The pros and cons of longevity

By: Talbot Boggs, The Canadian Press

(Special) – Statistics clearly show that Canadians are living longer. While a long life can be a good thing, longevity also brings with it some unique financial challenges on both a micro and macro level.

A recent study on longevity by the Office of the Chief Actuary of Canada predicts the country will continue to have one of the highest life expectancies of the world along with Japan, France, Switzerland, Italy and Australia.

Life expectancies at birth of Canadians are projected to increase from 86 to 90 for men and from 89 to 93 for women over the period of 2013 to 2075.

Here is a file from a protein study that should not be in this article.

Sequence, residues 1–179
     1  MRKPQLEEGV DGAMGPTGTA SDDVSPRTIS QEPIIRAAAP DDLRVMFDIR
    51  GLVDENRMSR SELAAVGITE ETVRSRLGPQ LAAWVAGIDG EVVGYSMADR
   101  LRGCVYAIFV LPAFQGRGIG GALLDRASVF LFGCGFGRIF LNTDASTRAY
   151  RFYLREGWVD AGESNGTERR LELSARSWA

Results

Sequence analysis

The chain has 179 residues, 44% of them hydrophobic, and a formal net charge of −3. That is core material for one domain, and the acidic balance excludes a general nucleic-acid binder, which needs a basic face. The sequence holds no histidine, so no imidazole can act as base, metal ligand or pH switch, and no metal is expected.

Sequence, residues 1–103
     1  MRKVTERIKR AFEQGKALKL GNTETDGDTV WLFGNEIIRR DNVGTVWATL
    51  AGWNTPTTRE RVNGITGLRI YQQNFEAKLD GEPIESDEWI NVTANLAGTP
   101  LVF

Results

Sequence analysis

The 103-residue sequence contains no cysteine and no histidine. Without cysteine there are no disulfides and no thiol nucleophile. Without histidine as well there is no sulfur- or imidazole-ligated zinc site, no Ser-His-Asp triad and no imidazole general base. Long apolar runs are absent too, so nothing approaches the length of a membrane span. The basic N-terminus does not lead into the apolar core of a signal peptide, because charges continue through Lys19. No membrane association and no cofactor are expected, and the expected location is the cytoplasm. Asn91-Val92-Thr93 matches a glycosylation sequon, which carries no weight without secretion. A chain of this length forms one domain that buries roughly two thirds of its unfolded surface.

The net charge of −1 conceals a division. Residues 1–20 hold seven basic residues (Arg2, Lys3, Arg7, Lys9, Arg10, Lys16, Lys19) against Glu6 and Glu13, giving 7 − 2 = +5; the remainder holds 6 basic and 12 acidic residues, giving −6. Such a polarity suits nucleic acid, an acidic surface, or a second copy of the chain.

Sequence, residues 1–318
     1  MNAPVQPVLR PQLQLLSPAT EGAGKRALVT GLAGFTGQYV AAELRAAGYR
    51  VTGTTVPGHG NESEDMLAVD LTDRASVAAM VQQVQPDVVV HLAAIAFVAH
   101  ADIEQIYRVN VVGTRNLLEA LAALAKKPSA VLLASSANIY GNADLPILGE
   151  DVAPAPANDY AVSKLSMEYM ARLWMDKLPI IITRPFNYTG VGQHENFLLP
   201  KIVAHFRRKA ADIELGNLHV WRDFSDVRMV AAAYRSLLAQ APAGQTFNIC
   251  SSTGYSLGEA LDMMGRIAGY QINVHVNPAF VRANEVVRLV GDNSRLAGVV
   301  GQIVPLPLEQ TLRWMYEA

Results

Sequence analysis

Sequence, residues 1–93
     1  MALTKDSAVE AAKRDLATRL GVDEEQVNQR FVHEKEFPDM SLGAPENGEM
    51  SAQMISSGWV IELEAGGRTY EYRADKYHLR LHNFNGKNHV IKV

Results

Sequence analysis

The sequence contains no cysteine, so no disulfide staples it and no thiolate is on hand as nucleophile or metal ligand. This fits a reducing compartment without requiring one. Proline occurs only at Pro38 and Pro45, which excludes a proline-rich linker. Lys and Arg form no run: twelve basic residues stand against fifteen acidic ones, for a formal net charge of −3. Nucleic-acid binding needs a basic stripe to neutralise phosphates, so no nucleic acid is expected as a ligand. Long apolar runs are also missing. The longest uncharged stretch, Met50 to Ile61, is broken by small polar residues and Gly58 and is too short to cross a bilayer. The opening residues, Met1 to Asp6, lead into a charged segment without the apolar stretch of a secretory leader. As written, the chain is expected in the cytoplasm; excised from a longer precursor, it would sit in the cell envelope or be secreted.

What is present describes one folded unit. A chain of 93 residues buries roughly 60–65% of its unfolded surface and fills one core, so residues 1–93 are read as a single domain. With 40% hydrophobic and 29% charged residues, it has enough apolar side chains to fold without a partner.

Currently, five out of ten Canadians aged 20 are expected to reach age 90 and one out of ten is expected to live to 100.

In 1970, for example, the average life expectancy at birth in Canada was 69 years for males and 76 for female. By 2011 that had increased to 79.3 years for males and 83.6 years for females.

Between 1979 and 2009, life expectancy has increased as a result of a reduction in mortality rates after age 65 largely due to a decrease in death from heart diseases.

“If mortality rates continue to decrease at the same rate as experienced over the last 15 years, a life expectancy at birth of 100 could be reached in 2094 for men and in 2121 for women. In addition, male life expectancy could exceed that of females from 2026 onward,” the report predicts.

Today, according to Statistics Canada, there are more than 5.3 million people in the country 65 or older, accounting for about 15.3 per cent of the population. By 2061, it is estimated there will be more than 78,000 people 100 years or older living in Canada.


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